Several months ago, I received one of those phone calls most parents hope they never receive. This phone call arrived at three in the morning and began with, “Mom, I need to tell you something, and I need you to promise me you won’t get mad.” To such a statement I grabbed hold of the bed, said a quick prayer, and said, “Okay . . . what do you need to tell me?” My son then proceeded to tell me the mistake he had made.
I took a few deep breaths to gain my composure, and I said to my son, “Where are you so I can come to you?” As I hung up the phone, I dropped to my knees as tears began to flow and prayed, “Father, how do I deal with this? What do I need to do? What does my son need me to do?” With tears still flowing, I drove to find my son. During that drive, my conversation with my Heavenly Father continued, and I found myself saying out loud, “I know what I want to say to my son. I know what I want to do to my son. I know what my son has been taught; but Father, what do you want me to tell him? What do you want me to do for him?” As my conversation with Heavenly Father continued, I sought comfort and guidance and soon found myself outside the hospital my son directed me to.
With a heavy heart and with the desire to comfort, love, and understand, I entered the hospital and was guided to the location of my son. As I entered the emergency room with tear-filled eyes, I wrapped my arms around my son, and together we cried. In the midst of those tears, I reminded my son how much I loved him, thanked him for calling me, for telling me, and confirmed that his Heavenly Father loved him. I also let him know I did not have all the answers and that I was not sure what steps to take next, but together we would figure this out. Together, in time, it would all be okay. To this day, I thank Heavenly Father that I was blessed that early morning to see beyond my instant selfish mortal reactions, which may have offered judgment and condemnation instead of unconditional love and support.
Allowing Our Children Their Agency
One of the difficult issues we face as parents who strive to raise our children according to the teachings of our Savior Jesus Christ in this modern world is to not only teach them truths but to also allow them to have their moral agency and deal with the consequences of those decisions. In the world of helicopter parenting, which often takes away agency, one of the most important conditions we can provide for our children is the ability to make choices, to test the water, to make mistakes, and to find their faith, which can bring them to their knees in moments of trial and decision. Allowing for moral agency increases resiliency in children.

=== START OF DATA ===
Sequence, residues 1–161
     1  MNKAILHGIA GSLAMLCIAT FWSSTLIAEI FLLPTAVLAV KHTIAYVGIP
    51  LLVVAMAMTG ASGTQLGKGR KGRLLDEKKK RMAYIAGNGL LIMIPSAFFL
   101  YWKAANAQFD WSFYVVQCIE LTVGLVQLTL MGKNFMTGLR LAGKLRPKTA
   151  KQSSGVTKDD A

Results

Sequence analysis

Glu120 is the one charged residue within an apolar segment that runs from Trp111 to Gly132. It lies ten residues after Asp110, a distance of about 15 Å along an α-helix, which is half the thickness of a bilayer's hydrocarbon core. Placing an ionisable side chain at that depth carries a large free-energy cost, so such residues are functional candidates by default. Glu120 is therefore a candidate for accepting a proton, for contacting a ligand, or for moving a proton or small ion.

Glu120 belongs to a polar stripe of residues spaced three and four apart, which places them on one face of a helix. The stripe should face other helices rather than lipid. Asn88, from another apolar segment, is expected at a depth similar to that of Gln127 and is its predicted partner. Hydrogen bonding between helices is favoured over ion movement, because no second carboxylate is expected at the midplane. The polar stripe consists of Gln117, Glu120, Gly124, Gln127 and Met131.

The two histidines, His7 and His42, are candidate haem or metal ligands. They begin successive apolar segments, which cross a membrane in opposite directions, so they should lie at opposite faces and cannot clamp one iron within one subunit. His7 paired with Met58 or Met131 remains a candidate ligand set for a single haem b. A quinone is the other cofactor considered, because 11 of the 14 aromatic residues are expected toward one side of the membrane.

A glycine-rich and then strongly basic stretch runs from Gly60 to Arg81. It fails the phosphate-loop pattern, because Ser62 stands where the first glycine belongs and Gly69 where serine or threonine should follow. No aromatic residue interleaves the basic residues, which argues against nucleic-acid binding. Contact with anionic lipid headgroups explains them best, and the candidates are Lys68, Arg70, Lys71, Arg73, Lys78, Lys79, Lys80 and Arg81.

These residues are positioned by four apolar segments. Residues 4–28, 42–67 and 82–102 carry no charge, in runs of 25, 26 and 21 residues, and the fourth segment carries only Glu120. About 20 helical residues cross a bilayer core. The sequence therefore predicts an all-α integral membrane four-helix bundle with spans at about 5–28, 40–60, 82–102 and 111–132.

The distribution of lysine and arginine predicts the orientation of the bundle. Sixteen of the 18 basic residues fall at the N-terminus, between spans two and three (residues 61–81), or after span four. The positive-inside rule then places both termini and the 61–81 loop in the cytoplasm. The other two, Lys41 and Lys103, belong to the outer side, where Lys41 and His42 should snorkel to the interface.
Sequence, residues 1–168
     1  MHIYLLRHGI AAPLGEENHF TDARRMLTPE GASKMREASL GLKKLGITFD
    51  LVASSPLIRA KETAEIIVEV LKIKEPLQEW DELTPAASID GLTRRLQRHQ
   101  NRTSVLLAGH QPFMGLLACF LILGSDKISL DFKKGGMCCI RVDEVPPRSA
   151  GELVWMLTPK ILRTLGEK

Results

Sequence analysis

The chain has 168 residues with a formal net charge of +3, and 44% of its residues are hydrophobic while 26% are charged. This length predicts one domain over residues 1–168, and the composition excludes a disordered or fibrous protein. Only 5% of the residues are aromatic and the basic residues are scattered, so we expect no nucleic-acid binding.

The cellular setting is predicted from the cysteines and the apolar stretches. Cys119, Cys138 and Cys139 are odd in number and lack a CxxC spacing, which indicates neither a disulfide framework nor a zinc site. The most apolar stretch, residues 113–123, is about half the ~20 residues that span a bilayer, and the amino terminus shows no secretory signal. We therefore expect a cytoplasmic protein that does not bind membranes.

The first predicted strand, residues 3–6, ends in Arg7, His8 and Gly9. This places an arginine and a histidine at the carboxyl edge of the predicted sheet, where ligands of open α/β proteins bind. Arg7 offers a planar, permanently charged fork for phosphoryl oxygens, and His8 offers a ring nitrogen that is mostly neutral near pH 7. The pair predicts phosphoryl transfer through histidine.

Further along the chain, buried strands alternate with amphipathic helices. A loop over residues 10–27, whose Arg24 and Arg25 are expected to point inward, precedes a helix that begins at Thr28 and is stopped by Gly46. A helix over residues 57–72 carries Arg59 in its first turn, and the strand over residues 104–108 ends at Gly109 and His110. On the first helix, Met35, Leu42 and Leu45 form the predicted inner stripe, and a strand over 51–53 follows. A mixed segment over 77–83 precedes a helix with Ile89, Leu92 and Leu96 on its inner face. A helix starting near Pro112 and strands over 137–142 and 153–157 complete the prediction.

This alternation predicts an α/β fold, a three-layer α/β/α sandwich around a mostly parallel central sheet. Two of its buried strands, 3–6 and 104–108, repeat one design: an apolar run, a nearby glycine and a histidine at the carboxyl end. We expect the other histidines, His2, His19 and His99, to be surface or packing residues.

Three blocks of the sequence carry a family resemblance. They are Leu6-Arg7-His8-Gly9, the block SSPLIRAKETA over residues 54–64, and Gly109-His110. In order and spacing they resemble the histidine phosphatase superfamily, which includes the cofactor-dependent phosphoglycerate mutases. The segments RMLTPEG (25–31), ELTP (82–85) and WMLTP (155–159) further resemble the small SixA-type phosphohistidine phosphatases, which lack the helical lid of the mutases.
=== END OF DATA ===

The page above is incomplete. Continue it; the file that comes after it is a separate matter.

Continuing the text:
That night, as my son and I talked about the mistake which had been made, I was blessed to offer guidance instead of judgment. That night I asked my son, “So what do you want to do with this? Where do you think you need to go from here? What do you think led to this journey? How can I help you, and what is it you want to do with the choices you have made?” As we spoke, my son shared with me his personal feelings about the choices he made and what steps he felt he needed to take for his life. I can say that although his answers were not exactly what I wanted, I trusted that they were right for my son at that time. That night I helped my son understand the difference between guilt and remorse. That night my son felt no shame from me, he felt no condemnation from me, nor did he feel it was my way or the highway. Instead, he felt loved as the individual he is, while at the same time accountable for his choices. I have learned as a parent this is a very fine line to keep.
Bringing Heavenly Father into Our Parenting
As I drove back home from the hospital much later that evening, I thanked my Heavenly Father for allowing me to parent according to His plan instead of from my personal hurt emotions, which, if left untethered, may have burst forth in “how dare you. What were you thinking? You have been taught better than this. How do you think this will look? How do you think this impacts me?”
In my life as a counselor, I have seen many parents who, although they love their children deeply, cause feelings of personal rejection, shame, and harm in the desire to correct. In moments of heightened emotion, we are all at risk of correcting with condemnation instead of offering love with accountability.
That night, I loved my son while allowing him to be accountable to his Heavenly Father. That night I lifted a heavy heart by allowing my son’s moral agency to direct him toward the Atonement of Jesus Christ. That night I saw a son seeking to become a man who now had to answer for his choices based on his own knowledge, faith, timeline, and desires. That night I learned that yes, it is so important to teach truths, to teach obedience, and to have expectations of our children; and it is equally important to allow them to live the gospel of Jesus Christ by allowing them to make choices, to take their own personal journey, to be loved, and to be accountable for those choices to their Savior and to their Heavenly Father. Perhaps sometimes as parents we are much better at teaching obedience and expecting obedience than we are at teaching personal choice and personal accountability. That night my son and I truly lived the gospel of Jesus Christ together. My heart still hurts today for the choice that was made, but my love for that son has not changed; if anything, it deepened.